Trumka is a focus of an investigation by the U.S. attorney for the Southern District of New York into a scheme to launder Teamsters money into Carey's 1996 reelection campaign. Carey was then in the middle of a tight race against James P. Hoffa, and was desperately in need of cash to finance mailings and other campaign activities.
Three Carey aides have pleaded guilty to money-laundering charges. On Monday, former Teamsters political director William W. Hamilton Jr. was indicted.
Federal officials overturned Carey's election last year after concluding that union money was illegally used to benefit him. A short time later, Carey was barred from running again after federal officials said he was aware of the scheme. Carey, who has denied knowing about it, has taken a leave of absence as law-enforcement officials continue their investigation.
A SIX-MONTH PROBE Yesterday's hearing was the latest development in a six-month probe by the House oversight subcommittee into why federal election overseers - who spent $20 million in taxpayer funds to supervise and conduct the election - failed to detect the money-laundering scheme.
At the start of the hearing, the panel's chairman, Peter Hoekstra (R., Mich.), announced that he had agreed to a request by U.S. Attorney Mary Jo White of the Southern District of New York that the panel drop its plans to have Trumka's executive assistant, Brad Burton, and AFL-CIO controller Susan Mackie testify. White told Hoekstra that having them testify might disrupt her investigation.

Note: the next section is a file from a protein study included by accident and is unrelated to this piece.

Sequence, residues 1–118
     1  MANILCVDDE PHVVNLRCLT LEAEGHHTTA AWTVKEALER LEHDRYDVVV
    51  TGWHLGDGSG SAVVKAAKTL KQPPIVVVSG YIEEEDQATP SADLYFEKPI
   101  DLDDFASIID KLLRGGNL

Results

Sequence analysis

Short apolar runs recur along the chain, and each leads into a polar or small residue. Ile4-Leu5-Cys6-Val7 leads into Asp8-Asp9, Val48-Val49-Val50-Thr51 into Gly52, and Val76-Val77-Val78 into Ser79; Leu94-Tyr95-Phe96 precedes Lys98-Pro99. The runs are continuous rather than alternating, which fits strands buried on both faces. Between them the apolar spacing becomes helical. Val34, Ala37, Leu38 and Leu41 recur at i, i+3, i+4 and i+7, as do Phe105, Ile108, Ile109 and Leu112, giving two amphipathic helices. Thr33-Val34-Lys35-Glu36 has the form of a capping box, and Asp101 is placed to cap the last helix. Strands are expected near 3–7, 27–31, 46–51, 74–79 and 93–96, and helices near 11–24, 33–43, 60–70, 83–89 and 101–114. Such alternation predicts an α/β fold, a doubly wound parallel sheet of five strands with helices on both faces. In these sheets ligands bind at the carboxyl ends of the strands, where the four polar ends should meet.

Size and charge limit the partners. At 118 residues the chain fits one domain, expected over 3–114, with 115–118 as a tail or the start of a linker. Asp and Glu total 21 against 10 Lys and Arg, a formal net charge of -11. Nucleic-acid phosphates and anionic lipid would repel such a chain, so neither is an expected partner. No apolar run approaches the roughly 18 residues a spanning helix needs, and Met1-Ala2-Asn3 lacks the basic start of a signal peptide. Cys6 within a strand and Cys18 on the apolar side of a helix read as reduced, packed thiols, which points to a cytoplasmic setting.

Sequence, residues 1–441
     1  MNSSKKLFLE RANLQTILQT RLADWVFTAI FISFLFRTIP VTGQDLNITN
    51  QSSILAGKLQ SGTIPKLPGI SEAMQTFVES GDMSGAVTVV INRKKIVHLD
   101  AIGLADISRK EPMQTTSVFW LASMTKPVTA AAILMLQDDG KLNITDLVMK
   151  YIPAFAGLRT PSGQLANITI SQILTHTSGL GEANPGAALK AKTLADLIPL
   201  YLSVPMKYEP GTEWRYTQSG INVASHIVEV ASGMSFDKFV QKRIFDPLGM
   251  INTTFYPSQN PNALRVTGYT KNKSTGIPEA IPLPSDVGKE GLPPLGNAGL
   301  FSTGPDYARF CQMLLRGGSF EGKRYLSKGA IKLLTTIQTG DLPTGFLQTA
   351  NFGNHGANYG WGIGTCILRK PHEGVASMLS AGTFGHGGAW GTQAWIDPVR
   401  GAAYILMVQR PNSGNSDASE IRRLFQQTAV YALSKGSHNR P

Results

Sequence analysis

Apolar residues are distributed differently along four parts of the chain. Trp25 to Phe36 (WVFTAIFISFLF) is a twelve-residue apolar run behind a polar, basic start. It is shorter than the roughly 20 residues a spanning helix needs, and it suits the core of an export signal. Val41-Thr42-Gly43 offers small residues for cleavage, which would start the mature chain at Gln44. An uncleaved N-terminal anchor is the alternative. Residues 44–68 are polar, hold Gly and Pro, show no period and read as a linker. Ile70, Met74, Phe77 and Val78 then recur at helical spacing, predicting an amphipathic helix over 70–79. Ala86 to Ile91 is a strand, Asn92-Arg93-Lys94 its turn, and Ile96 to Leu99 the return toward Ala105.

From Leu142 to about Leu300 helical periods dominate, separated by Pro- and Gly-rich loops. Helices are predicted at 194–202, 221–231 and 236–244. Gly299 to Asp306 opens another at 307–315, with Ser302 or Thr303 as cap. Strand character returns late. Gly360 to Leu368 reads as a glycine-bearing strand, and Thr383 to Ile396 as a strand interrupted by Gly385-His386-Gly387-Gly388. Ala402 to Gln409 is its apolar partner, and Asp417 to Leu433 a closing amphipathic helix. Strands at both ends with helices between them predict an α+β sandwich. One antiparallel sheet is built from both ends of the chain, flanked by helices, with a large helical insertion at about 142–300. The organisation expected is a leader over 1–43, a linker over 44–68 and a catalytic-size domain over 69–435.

The hearing concerned a $150,000 contribution by the Teamsters in November 1996 to the political action fund of the AFL-CIO. Within days of receiving the money, AFL-CIO officials directed that it be given to Citizen Action, a liberal interest group allied with labor unions.
Citizen Action in turn made a $100,000 payment to the November Group, a now-defunct political consulting firm that was doing direct-mail work for the Carey campaign.
Trumka had earlier declined to appear before the committee, citing his Fifth Amendment rights.
CONVINCED Sweeney, whose federation represents 72 unions with 13 million members, said Trumka had also declined to cooperate with an internal union probe. But Sweeney said he remained convinced Trumka was innocent because the union inquiry had turned up no evidence that anyone at the union knew the money was intended to benefit Carey's campaign.
In pleading guilty to money-laundering charges last year, Martin Davis said Trumka had agreed to make the $150,000 payment to Citizen Action if the Teamsters made a corresponding payment to the AFL-CIO. Davis testified that he told Trumka that Carey's campaign would benefit.
Sweeney testified yesterday that he did not believe Davis' allegation.
Under federal law, it is illegal for candidates for union office to use union funds or other resources to promote their elections. It is also illegal for employers to make contributions to the campaigns of candidates for union office.
The investigation by the Republican-controlled committee has the potential to embarrass Democrats by highlighting allegations by the U.S. attorney last year that the Democratic National Committee also sought to participate in the money-laundering scheme.
DNC officials told a Senate committee last year that they had found a prospective donor for Carey's campaign but dropped the idea when her lawyers objected to the plan. Around the same time, the Teamsters contributed $236,000 to the Democrats.
Also yesterday, House Democrats called on two outside counsels for the Republican investigation to step down because of their appearances as paid television commentators. Rep. David E. Bonior (D., Mich.) contended that Victoria Toensing and Joseph diGenova, who are married to each other, had used their position as special counsels to the Republicans on the subcommittee to promote their careers as television analysts.
Phil Smith, a spokesman for the subcommittee probe, said Democrats were simply trying to deflect attention from the Teamsters' problems.